p53 is mutated in 50% of human cancers. However, the remaining human tumors contain wild-type p53 with defects in the downstream mediated p53-signaling pathways. This, in turn, provides novel areas of discovery in stabilization and restoration of wild-type p53 activity. Currently, many drug companies are focused on utilizing p53 interactions as targets for pharmacological intervention [78]. There are various protein-protein interactions that occur within the cell that positively or negatively regulate p53 expression and function. For example, Mdm2 is an E3 ligase of p53 that polyubiquitinates p53, priming the tumor suppressor for proteasomal degradation. Many have found that, by blocking this interaction through peptides or transcriptional inhibitors, longer durations of p53 activation have resulted. Some of the therapeutic strategies that are currently being utilized are peptides that increase p53 activation through inhibition of Mdm2 function [109]. Three-dimensional structural models [110] of the hdm2-p53 interaction along with biochemical data [111, 112] have identified three residues that are important to this interaction, Phe19, Trp23, and Leu26 [111, 112]. From this data, an 8-mer peptide was generated [113] and showed promising results in inducing apoptosis in tumor cells that overexpressed hdm2 [112]. However, these conditions were difficult to optimize with a smaller molecule therefore causing this peptide to be therapeutically inefficient. Also nutlins have been utilized to disrupt the mdm2-p53 interaction resulting in reactivation of the p53 response [114, 115]. Others have used antisense and transcription inhibitors to prevent the expression of Mdm2 [116].

Gene replacement therapy is another therapeutic modality that has been explored in treating tumors lacking or containing mutant p53. This technique utilizes adenoviruses, as well as retroviruses to achieve high expression of p53 in tumor cells. Promising results have been seen with retroviral vectors in patients with nonsmall cell lung cancers [117]. On the contrary, although we have seen the enhancement of tumorigenicity in our in vitro p53 transfection studies [98], we have not tested stably transfected cells in in vivo xenograft mouse models, nor have we tried other tissue types. Therefore, the reintroduction of the p53 gene into tumors may have contradictory outcomes depending on the cell type and tissue microenvironment. This concern has echoed through various studies, persuading investigators to opt to combine gene therapy with chemotherapy and radiotherapy [118121].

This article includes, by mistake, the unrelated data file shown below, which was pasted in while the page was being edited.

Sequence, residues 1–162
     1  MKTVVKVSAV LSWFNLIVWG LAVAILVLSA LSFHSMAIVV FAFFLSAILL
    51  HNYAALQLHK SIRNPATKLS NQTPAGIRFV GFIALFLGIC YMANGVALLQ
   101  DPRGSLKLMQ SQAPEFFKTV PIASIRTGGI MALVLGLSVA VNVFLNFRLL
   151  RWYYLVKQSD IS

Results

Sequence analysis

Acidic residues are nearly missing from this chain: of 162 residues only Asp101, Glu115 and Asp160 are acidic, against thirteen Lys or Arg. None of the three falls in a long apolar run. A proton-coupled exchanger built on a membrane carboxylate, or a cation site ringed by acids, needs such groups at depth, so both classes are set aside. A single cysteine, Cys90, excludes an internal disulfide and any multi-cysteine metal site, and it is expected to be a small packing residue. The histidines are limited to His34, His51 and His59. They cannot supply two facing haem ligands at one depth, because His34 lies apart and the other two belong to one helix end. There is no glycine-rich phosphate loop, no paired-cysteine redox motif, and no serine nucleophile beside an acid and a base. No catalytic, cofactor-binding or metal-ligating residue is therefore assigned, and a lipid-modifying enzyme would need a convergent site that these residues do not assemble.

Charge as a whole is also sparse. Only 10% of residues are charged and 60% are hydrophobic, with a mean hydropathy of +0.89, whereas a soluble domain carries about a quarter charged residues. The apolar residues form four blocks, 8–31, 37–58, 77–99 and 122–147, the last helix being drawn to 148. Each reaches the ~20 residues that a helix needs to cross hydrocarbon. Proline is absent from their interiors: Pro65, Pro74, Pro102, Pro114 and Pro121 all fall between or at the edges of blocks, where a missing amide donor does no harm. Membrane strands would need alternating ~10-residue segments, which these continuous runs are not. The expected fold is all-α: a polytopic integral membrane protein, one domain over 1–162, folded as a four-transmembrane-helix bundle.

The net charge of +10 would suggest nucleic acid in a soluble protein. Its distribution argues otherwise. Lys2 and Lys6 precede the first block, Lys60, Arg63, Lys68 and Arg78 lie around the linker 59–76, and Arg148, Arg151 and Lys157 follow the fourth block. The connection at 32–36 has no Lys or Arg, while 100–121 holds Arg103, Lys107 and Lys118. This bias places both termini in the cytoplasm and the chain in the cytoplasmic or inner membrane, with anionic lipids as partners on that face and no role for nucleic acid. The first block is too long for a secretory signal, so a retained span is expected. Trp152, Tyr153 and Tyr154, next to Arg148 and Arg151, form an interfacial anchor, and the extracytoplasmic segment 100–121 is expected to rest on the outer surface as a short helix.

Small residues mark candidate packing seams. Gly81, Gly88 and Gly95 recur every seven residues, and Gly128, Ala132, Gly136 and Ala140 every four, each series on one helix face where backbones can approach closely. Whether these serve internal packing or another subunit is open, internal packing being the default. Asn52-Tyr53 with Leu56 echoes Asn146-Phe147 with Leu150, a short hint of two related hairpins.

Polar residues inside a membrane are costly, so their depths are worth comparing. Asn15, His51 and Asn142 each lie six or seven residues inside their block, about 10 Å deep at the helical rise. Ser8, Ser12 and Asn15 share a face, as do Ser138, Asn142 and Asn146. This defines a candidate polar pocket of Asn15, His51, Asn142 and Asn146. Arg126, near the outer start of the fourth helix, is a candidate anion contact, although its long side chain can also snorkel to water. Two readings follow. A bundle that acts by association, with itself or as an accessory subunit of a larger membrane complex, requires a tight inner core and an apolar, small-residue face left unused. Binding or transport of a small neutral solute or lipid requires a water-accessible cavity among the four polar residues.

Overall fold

For decades, it has been shown that p53 functions only as a tumor suppressor. In addition, p53-mediated ROS generation has been limited to the induction of apoptosis. Currently, the ability of wild-type p53 to contribute to tumor promotion has received considerable attention. We have shown that the p53-MnSOD interaction contributes to the early stage of tumor promotion. In addition, it has been consistently shown that MnSOD activity is altered in human tumors. Therefore, designing diagnostic tools to assess MnSOD activity, as well as p53 activation, can be used to effectively design individualized treatments for cancer patients. For example, following chemotherapeutic treatment, patients that have higher levels of p53 expression and exhibit lower levels of MnSOD can receive an SOD mimetic that can upregulate MnSOD or synthetic compounds that can downregulate p53 activity to decrease ROS-mediated apoptosis and potential relapse within these patients.

Gene therapy has also been utilized to modulate MnSOD activity during cancer progression. Overexpression of MnSOD through gene therapy introducing genetically engineered DNA/liposomes containing the human MnSOD transgene into preclinical and clinical models has been shown to be protective in normal tissues against ionizing irradiation. The final product (VLTS-582) is a DNA/liposome formulation that consists of a double-stranded DNA bacterial plasmid containing human MnSOD cDNA in conjunction with two lipids {cholesterol and DOTIM (1-[2-[9-(2)-octadecenoyloxy]]-2-[8-(2)-heptadecenyl]-3-[hydroxyethyl] imidazolinium chloride)} [122]. Recent studies suggest that this formulation has been successful in murine models and has been administered orally to patients concurrently with a weekly chemotherapy regime exhibiting no dose-limiting toxicities. Although proven therapeutically efficacious, more studies are needed to improve (1) delivery of the transgene to the targeted tissue; (2) reducing rapid elimination of the transgene; (3) control of the expression of the transgene within targeted tissues.

On the other hand, a topical application of an SOD mimetic has also been described [123]. The Mn (III) porphyrin MnIII TE-2-Pyp5+ possesses highly potent SOD activity as facilitated by the redox properties of the metal center and the positive charge to the ortho-N-ethylpyridyl nitrogens [124]. MnIII TE-2-Pyp5+ has been proven effective in vitro and in various human diseases such as stroke [125, 126], diabetes [127, 128], and cancer and radiation-related treatment [129132]. In preclinical animal models, topical application of MnIII TE-2-Pyp5+ was shown to reduce levels of oxidative damage and reduced cell proliferation without interfering with p53-mediated apoptosis when applied prior to TPA treatment [129]. These data support the concept that overexpression of MnSOD when applied in conjunction with standard chemotherapeutics or during the tumor promotion stage is protective in both preclinical and clinical models.

Nevertheless, both p53 and MnSOD have been shown to posses reduced activity and/or mutated in most human diseases including cancer. Therefore, more therapeutic quests are needed to detect and restore both MnSOD and wild-type p53 activity. However, future therapeutic optimization strategies should have minimal nonspecific drug-related toxicities and be based on the stage of cancer progression which may reveal a therapeutic window for treatment intervention.

7. Concluding Remarks